be contaminated. “This is monsoon and chances of germs being
transmitted by bees are quite high”.

Referring to cardio-training for maximum fat loss, Ali Mohammed
suggest the time before Saher. “Drink plenty of water along with a cup
of green tea, white tea or coffee and wait for 30 minutes and perform
30-45 minutes of moderate intensity cardio training, like brisk walk
on a treadmill or moderate intensity cross trainer.” The next best
time for cardio training is about 45 minutes after a light Iftar.
Cardio should be limited to just two days a week during the holy month.

============================
Recommended diet for Ramzan
------------------------------------------

Saher (pre-dawn meal)


Drink plenty of water at least 30 minutes before eating

Eat a good blend of protein, carbohydrates, and essential fats

Suggested foodstuff: chicken breast, egg white, oatmeal, protein
shake, Cinnamon, cottage cheese, red meat in moderation, bananas, raw
and dark honey, dates or raisins, fibrous vegetables, fruits, peanut
butter, flax seed oil and olive oil (extra virgin).

Iftar (sunset meal)


Some quality protein, dates, fruit juice, whey protein shake and
plenty of water.

Eat moderate to small meal even at Iftar

On weight-training days:


Take another meal before Taraweeh. Suggested intake includes chicken
breast or baked salmon, brown rice and some veggies or baked fish,
sweet potato, and a garden salad or some steamed vegetables.

The Hyderabadi link of composer Zubin Mehta

By Syed Akbar
Hyderabad, July 19: Eminent composer Zubin Mehta was wowed by the “eye-opening” 
collection of arts and artifacts at the Salarjung Museum.

The director for life of Israel Philharmonic Orchestra was on a day’s private visit to 
the city. Accompanied by his wife Nancy Kovack, Zubin had a whirlwind tour of the history 
and culture of Hyderabad as he went round a few prominent historic places of the city. 
Zubin, who stayed at Taj Falaknuma, checked out later in the afternoon.

“What an eye-opening impression and education into the enormous good taste of Salarjung. 
World class collection and world class management,” Zubin Mehta wrote in the VIP 
visitors’ book, after spending about 45 minutes in Salarjung Museum. He later visited 
Purani Haveli and Chowmahalla Palace.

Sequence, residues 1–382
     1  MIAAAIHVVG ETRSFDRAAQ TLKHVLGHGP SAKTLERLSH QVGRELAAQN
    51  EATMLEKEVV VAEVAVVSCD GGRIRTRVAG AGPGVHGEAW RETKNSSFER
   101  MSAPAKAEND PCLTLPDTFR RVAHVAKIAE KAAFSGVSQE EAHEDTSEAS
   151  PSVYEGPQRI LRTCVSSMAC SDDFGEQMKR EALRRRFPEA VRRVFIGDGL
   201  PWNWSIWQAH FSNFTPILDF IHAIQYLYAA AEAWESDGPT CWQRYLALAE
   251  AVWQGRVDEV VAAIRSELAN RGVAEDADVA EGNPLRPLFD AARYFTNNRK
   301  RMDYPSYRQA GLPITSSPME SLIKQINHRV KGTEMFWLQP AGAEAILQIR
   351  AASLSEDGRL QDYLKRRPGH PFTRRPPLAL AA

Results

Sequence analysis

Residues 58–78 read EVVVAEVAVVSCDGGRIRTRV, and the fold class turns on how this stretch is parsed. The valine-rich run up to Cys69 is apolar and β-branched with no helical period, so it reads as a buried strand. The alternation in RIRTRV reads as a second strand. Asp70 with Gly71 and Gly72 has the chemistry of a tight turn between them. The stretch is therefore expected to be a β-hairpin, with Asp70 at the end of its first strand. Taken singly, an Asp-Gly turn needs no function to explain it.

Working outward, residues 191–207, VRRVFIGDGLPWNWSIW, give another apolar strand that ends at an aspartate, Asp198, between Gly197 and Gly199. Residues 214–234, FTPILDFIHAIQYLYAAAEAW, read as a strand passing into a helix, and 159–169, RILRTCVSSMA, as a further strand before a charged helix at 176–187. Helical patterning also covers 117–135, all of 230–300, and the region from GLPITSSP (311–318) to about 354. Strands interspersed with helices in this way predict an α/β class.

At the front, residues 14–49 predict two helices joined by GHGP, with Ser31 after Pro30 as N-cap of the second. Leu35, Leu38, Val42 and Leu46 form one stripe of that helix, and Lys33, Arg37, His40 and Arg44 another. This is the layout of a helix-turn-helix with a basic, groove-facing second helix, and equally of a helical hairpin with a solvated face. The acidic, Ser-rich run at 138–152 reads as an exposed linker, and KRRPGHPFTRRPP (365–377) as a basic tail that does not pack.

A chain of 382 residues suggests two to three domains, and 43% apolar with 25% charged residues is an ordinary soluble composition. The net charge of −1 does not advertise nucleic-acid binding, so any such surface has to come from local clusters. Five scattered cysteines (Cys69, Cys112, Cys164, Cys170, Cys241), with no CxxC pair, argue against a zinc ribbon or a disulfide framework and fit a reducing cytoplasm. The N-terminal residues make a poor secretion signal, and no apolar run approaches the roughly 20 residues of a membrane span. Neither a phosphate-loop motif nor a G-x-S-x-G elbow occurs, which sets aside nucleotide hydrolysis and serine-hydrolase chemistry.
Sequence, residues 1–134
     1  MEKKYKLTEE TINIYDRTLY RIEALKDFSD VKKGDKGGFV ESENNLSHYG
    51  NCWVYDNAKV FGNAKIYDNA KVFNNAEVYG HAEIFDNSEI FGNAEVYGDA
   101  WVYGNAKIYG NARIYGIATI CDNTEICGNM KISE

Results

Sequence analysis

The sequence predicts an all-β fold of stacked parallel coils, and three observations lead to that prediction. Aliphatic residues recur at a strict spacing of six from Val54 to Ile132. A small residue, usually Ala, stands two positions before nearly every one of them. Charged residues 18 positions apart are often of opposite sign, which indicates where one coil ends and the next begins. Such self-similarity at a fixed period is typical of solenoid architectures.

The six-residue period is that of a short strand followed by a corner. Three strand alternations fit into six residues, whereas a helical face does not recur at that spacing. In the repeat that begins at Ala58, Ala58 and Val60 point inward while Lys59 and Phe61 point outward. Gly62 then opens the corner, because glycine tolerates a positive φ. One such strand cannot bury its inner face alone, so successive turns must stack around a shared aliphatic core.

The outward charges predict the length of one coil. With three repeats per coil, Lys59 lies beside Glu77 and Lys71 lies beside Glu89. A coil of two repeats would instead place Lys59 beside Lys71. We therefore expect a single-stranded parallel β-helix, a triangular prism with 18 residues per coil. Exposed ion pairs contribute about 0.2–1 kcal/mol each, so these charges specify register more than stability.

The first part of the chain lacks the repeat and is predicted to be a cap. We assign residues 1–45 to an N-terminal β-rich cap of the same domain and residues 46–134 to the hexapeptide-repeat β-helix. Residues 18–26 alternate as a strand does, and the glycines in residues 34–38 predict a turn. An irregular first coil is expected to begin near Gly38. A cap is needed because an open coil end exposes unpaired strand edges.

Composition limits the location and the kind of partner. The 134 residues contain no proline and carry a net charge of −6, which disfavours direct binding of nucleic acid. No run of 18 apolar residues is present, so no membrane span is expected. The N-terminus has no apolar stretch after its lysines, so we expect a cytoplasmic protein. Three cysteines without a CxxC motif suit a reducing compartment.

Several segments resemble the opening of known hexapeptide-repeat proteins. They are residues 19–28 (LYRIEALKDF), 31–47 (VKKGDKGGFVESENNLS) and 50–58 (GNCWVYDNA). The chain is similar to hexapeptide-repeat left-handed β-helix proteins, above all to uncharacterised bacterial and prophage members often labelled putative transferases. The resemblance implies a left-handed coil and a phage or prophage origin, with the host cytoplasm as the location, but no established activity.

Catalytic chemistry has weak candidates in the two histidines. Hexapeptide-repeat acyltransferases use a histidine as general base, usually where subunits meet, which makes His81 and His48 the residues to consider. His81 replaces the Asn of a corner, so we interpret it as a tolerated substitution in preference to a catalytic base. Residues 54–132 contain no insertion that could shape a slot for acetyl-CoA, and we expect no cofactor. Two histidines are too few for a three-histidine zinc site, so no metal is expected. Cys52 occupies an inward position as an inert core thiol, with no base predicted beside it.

According to Salarjung Museum governing body member Zakir Hussain, Zubin Mehta was 
particularly attracted by the statues of Rebecca, and of Mephistopheles and Margaretta. 
The latter is a double statue with two different carving on either side. “Zubin sahib 
appreciated the vast collection of jade, weaponry, European paintings, the knife used by 
Queen Noorjahan and the swords of Aurangzeb and Shahjahan,” he said.

Zubin Mehta kept his visit in wraps and did not inform even the authorities at the 
Salarjung and the Chowmahalla. “He visited the palace as a common tourist. He was 
impressed by the architectural marvel of the palace,” G Kishen Rao, director of 
Chowmahalla Palace said.

According to sources, Zubin had enquired whether his father Mehli Mehta, a violinist and 
founding conductor of Bombay Symphony Orchestra, had performed before the Nizam. During 
the regimes of Nizam VI Mir Mahboob Ali Khan and Nizam VII Mir Osman Ali Khan, the 
Hyderabad State had a special department called, Arbab-e-Nisab, or the music wing.

“Mehli Mehta may have performed before the Nizam. The Arbab-e- Nisab had 108 employees 
including prominent musicians like Pandit Motiram, Pandit Maniram, Bade Ghulam Ali Khan 
and Aziz Ahmed Warsi. Though Mehli’s name did not figure in the list, he may have 
performed on special occasion, as he was a prominent violinist of his times,” city 
historian Dr Mohammad Safiullah said.

Officials of Taj Falaknuma accompanied Zubin and his wife to the historical places 
including the Salarjung museum.

Wednesday, 18 July 2012

Contrary to popular belief, Hyderabad under the Nizam rule witnessed a powerful nationalist movement with several local leaders launching a fight against the British colonial rule, says senior historian Dr Thirumali

By Syed Akbar
Hyderabad, July 17: Contrary to popular belief, Hyderabad under the
Nizam rule witnessed a powerful nationalist movement with several
local leaders launching a fight against the British colonial rule,
says senior historian Dr Thirumali.

Dr Thirumali, who is associated with the department of history, Delhi
University, said Hyderabad had nationalist aristocracy and several
members of the aristocratic families in the erstwhile Nizam dominion
had participated in the meetings of the Indian National Congress. Dr
Thirumali was delivering Dr Sheela Raj memorial lecture on Mir Mehboob